Contributor of the Month: Illustrator Jeremy Nguyen Tells Us Why He Made the "Gentrify White" Crayons
I’m not sure if we stress enough how much we love and value our Bushwick Daily contributors. They are really awesome people from all walks of life that have one thing in common–they love Bushwick!
To introduce these cool folks to our community, we feature one particularly awesome contributor every month. The March Featured Contributor is our beloved illustrator and collaborator of several years, Jeremy Nguyen.
Jeremy's incredibly funny weekly Bushwick cartoons have developed into a series and very recently into a comic book called Stranger Than Bushwick. You might have seen him selling them at Shwick Market and very soon you'll have a chance at MoCCA Fest or the Brooklyn Zine Fest. (Sorry, he doesn't sell them online as he's a fierce enemy of shipping.)
Jeremy's comic portrayal of Bushwick life is always funny and sometimes borders on outrageousness. But really, who are we if we can't laugh at his "Gentrify White" crayons that accompany his Stranger Than Bushwick book.
What's your hometown?
Oakland, California. It's actually a lot like Brooklyn now. It was a city known for its crime that now has an art scene and lots of young people flocking to it and doing creative stuff there.
When and why did you move to Bushwick?
I moved to Bushwick in 2011. Originally, I was at 211th St in Inwood, the very last stop on the A train. But I would go out to stand-up open mics and get home really late. There was also a show in Williamsburg I got obsessed with and wanted to see every week called "Comedy at the Knitting Factory," hosted by Hannibal Buress. I found the cheapest apartment I could off the Morgan stop, thinking I could work my way up the L train over time. After a year I dropped that goal and tried just not to get kicked out of Bushwick.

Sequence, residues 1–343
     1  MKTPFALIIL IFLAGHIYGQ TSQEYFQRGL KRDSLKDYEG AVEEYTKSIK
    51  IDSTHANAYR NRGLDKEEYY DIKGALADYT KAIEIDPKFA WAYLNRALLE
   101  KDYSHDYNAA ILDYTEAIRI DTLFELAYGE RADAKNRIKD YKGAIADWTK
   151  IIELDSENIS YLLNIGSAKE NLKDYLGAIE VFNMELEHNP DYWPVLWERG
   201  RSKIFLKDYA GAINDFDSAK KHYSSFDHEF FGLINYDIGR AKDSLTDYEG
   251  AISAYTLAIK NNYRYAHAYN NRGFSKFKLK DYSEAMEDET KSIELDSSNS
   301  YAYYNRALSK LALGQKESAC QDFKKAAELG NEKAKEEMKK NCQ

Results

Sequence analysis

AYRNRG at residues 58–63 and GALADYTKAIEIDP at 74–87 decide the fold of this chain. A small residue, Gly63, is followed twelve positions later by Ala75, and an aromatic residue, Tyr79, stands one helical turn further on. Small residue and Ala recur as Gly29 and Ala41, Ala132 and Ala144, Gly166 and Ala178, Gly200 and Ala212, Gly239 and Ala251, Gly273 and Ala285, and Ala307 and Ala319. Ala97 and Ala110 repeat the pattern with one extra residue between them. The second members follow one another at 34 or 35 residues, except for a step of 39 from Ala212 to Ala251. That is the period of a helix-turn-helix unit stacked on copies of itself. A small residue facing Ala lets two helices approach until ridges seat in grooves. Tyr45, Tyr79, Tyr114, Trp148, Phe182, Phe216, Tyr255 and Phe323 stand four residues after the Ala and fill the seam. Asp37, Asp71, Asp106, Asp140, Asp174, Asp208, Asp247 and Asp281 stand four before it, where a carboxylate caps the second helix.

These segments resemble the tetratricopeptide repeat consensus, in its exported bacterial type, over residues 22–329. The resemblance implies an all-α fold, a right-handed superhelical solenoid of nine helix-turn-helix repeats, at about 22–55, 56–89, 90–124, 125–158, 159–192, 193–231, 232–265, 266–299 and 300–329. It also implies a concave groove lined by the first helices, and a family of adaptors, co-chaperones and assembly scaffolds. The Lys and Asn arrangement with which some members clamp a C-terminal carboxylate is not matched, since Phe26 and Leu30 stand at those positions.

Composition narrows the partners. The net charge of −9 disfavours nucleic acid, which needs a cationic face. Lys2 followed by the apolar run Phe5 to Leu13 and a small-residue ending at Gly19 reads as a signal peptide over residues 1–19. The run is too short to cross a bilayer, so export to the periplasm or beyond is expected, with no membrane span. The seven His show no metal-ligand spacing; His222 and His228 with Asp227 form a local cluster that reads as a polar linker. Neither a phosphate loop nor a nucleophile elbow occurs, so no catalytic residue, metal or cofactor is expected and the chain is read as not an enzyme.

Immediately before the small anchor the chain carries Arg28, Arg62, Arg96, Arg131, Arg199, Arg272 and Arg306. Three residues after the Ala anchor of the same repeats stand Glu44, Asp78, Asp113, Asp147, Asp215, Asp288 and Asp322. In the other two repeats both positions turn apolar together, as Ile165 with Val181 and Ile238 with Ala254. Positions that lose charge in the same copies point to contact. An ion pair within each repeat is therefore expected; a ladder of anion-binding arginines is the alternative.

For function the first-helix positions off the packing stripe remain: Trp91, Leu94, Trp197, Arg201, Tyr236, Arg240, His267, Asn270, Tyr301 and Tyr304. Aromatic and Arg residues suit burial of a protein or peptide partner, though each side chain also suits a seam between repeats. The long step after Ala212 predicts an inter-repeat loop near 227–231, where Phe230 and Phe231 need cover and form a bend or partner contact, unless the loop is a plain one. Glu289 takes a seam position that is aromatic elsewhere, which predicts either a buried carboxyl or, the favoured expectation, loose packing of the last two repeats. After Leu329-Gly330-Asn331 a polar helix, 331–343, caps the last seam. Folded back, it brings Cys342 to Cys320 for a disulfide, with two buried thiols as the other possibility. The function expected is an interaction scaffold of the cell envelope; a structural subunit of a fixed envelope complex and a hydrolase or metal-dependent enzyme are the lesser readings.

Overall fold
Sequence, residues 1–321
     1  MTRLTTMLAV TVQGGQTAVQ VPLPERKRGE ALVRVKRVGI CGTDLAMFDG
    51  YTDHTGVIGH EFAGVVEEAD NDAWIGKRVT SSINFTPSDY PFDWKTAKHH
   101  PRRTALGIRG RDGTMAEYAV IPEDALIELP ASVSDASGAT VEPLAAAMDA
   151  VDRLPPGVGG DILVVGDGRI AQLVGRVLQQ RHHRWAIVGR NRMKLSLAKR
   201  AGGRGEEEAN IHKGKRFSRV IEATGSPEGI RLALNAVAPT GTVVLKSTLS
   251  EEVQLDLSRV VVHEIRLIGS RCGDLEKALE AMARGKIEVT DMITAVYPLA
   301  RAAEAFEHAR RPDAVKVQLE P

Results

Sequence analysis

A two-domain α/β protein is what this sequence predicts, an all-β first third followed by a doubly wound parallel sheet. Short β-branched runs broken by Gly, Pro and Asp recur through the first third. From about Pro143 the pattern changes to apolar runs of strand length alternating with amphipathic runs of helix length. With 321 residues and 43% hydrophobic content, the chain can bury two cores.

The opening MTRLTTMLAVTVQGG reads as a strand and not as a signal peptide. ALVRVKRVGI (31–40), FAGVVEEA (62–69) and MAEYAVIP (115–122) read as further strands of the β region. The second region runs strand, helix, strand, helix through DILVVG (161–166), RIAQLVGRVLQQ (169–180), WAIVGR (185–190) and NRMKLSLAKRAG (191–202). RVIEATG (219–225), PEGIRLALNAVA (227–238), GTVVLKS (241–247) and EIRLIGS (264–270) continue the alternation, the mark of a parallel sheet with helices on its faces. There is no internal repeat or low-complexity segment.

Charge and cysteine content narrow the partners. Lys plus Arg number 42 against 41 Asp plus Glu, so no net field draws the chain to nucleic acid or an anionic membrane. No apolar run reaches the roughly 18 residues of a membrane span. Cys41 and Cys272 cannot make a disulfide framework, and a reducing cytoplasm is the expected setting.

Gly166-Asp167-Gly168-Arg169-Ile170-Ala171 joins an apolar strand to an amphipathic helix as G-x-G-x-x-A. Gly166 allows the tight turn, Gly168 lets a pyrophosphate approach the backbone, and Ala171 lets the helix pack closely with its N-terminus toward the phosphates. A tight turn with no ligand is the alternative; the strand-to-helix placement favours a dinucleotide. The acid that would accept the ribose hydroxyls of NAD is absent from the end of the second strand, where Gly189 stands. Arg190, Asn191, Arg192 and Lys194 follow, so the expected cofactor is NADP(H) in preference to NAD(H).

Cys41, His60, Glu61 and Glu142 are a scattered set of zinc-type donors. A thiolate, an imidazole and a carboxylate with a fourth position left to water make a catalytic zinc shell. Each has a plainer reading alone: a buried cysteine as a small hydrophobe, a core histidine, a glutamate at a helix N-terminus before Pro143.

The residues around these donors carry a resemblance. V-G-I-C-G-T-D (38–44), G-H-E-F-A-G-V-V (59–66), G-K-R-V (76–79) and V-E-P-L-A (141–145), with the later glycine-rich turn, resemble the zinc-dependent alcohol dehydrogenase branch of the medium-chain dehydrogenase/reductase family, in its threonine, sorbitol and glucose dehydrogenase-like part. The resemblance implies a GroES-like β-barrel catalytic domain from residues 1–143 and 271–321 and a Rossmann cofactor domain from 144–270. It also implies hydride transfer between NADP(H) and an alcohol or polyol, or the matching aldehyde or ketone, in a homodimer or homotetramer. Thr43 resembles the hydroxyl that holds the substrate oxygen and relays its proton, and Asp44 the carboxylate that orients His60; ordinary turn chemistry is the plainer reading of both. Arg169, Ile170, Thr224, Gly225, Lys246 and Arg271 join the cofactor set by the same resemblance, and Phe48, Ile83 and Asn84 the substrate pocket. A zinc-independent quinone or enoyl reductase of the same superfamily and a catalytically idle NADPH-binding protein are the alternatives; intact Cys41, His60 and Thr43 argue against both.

Why did you start creating a comic about Bushwick and what inspires you?
When I moved here after college, I was trying to get freelance illustration work, but my portfolio wasn't good enough. I read Bushwick Daily, saw a lot of really talented writers and photographers doing great work. But I didn't see illustrations, so I thought I could contribute something fresh I wasn't seeing on other blogs. Some illustrations for op-eds led to me writing and pitching comic ideas. And once I started, I couldn't stop. More ideas just poured out. I had been living in Bushwick for almost 2 years, felt comfortable enough with the observations I'd made to keep doing it regularly. Other blogs started reporting on Bushwick, I started to meet more people who lived here, and the neighborhood started expanding. All those ingredients became fuel for the comics.
Your comics can be sometimes bite-y. What are you hoping to achieve with a sharp satire of this neighborhood?
I just hope people laugh! I'd love to see people who live in Bushwick relate to certain nuances and truths. And I'd like people outside of this neighborhood read it and get a good idea of what is happening in Bushwick. This is my time capsule of what is happening to Bushwick right now. I'm not a good photographer or journalist, no one is going to write a whole article that compares people in Bushwick to Dungeons and Dragons monsters, or that there are other people bothering women than just catcallers. With these comics, I can report on the dumb conversations I have at brunch, weird things I notice on different streets, and what is going on in my personal life that week.
Can you tell us what your plans are with your Stranger Than Bushwick comic book? And what about the Gentrify White Crayons?
The book Stranger Than Bushwick is the first 20 of my favorite comics on the website. If people like it, I might print up a second issue collecting the next 20. Maybe a hardcover book after that! The Gentrify White crayons are a limited run of 50, which will be available with the book at a few festivals this month. I made them as a supplement to one comic I did that actually never appeared on the website, just in the NO BS BOS guide. All I want the crayons to do is to bring people out to MoCCA Fest or the Brooklyn Zine Fest, and see a ton of incredible books made by NY/BK cartoonists and zine makers that might even be their neighbors.